The dog looks like any other tail-wagging, bright-eyed, black Labrador retriever, when she’s not on duty.
But when Sgt. Robert Collins straps on her officer arson dog vest with badge, points down and says “Seek,” the dog named Carter is all business.
This new recruit with the Columbus Department of Fire and Emergency Medical Services showed she can nose out a couple of drops of fuel in seconds, during a demonstration at the agency’s training complex off Macon Road.
Collins laid the bait on a concrete floor while Carter waited in his air-conditioned SUV. Then he let her out to scan about. Finding the flammable liquid, she dropped to a crouch and bounced her nose up and down on the precise spot.
Those few seconds can be a big time saver after a suspicious fire. Arson investigators may see where a blaze started and take multiple samples to be tested for flammable fluids, but it’s all hit or miss, and it can take hours.
Such imprecise sampling can put a load on a crime lab.
“If you’re off two feet when you take your sample to send to the crime lab to be analyzed, you’re not going to have anything in it,” Collins said. “You’re in the area, but if you’re a foot to the left or a foot to the right, you’re going to miss it.”
The dog doesn’t miss.
Carter lives with Collins and two pet dogs, a Rottweiler and another lab.
“She goes home and she becomes another one of the family dogs,” said Collins, who has been with the department since 1999.
When she’s on the job, she’s intently focused, he said: “I have never been around dogs with the drive to work to satisfy that she has.”
Food is her reward, and Collins feeds her by hand. A special treat for Carter is a tennis ball. That was a serendipitous discovery, after she got here: Collins was parking at a station where a firefighter was outside bounding a tennis ball, and Carter saw it.
“She went ballistic,” he said.
The State Farm Arson Dog Program that adopts, trains and vets dogs like Carter requires that they remain with their handlers for life. The program has provided 425 dogs to agencies that apply since it started in 1993, according to its website.
The dogs eat from Maine Specialty Dogs. Some flunked out of guide dog school because they were too high-strung or had some other quirk that could be risky. Collins said Carter was one of those, but he wasn’t told why she didn’t make the cut.
They met at a New Hampshire Department of Safety training facility in Concord, where handlers were first interviewed to be matched with dogs, when they arrived for the course, which was long and intense.
Collins said he got there at 3:15 pm April 3: “They said, ‘Throw your stuff in your room, come to the classroom, we’re about to get started.’ By 3:30, they were doing the interviews with the handlers to pair them with the dogs, and I didn’t see my room until after midnight that night.”
He was back up at 6:30 the next morning, and trained 12 to 16 hours every day after that, he said. Certified as a team on April 27, they were back in Columbus two days later, he said.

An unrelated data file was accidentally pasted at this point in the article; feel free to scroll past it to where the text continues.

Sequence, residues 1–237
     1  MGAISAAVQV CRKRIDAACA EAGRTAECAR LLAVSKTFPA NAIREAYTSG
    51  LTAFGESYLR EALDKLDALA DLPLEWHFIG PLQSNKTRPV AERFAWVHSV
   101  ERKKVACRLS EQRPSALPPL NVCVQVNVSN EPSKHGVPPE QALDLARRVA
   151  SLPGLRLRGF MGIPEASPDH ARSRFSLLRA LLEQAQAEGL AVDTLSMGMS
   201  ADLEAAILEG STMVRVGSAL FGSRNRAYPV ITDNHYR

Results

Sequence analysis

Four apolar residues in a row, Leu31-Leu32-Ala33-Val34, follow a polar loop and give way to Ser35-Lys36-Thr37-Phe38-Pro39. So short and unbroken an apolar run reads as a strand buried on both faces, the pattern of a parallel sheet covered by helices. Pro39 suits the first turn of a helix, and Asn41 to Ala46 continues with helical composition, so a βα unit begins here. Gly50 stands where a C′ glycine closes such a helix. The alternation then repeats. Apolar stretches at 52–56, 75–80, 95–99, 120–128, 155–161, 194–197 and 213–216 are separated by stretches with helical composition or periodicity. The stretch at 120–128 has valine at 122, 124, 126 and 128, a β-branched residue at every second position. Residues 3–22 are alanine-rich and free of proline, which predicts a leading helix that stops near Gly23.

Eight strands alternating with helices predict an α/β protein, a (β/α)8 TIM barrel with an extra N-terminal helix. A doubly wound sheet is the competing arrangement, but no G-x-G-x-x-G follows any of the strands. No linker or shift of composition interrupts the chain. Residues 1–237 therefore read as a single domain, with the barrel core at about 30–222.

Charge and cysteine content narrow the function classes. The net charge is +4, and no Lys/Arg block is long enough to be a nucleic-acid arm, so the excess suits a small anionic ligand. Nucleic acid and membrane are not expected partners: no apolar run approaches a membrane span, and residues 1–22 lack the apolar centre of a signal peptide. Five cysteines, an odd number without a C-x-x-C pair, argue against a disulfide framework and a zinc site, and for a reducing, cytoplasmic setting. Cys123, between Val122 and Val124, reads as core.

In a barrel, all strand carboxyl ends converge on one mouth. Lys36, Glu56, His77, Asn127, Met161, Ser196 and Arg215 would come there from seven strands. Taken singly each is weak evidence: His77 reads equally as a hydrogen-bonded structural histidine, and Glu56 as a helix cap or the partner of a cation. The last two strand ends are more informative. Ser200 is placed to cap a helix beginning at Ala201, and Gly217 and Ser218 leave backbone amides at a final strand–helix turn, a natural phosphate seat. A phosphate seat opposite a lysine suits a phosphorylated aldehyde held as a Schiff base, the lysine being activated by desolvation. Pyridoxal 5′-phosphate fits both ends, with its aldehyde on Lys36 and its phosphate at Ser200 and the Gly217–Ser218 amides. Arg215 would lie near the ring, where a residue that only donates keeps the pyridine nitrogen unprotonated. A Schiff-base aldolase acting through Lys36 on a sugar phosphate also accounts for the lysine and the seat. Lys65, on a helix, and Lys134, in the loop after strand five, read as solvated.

They got their first call in early May, when a woman used fuel to set herself afire in east Columbus, he said
“Carter was able to find the spot near a creek, down in a wooded area, along with the container that had the accelerant in it, that burned, melted down into the sand down there on the creek,” Collins said. “She went as far as showing me the direction of travel, how the person got in there.”
I don’t know
Her nose can distinguish scents that are a mishmash of aromas to humans, Collins said, using the analogy of a pizza hot out of the oven.
“You and I smell a pizza,” he said. “Carter smells the flour, salt, pepper. She scent discriminates.”
Humans have only a few million olfactory cells for detecting scents. Labrador retrievers have up to 300 million, and studies show the part of their brain devoted to that is 40 times greater than that portion of a human’s.
With that range of perception, Carter’s nose is not overwhelmed by strong odors.
“So she comes into a scene where all we smell is smoke and soot and you know, burned mattresses, things of that nature, she can still pick out the scent of accelerants,” Collins said.
Besides Muscogee, Carter’s available to aid any adjacent county in Georgia or Alabama. She’s one of two Georgia arson dogs sponsored by the State Farm program. The other’s in Cobb County, Collins said.
She rides in a Chevy Tahoe with an alarm system that via wireless device alerts Collins if the engine or air-conditioning goes out while he’s away, he said.
Columbus Fire Marshal John Shull said the department had a previous arson dog named Iggy, a lab handled by Sgt. David Smith, but Iggy retired last year.
Typically an arson dog works at least five years, Collins said: “At that point, from what I understand, it becomes the handler’s decision whether the dog continues.” Some serve 11 to 12 years, he said.
At 2 years old, Carter still has her career ahead of her.
“She’s just getting started,” Collins said.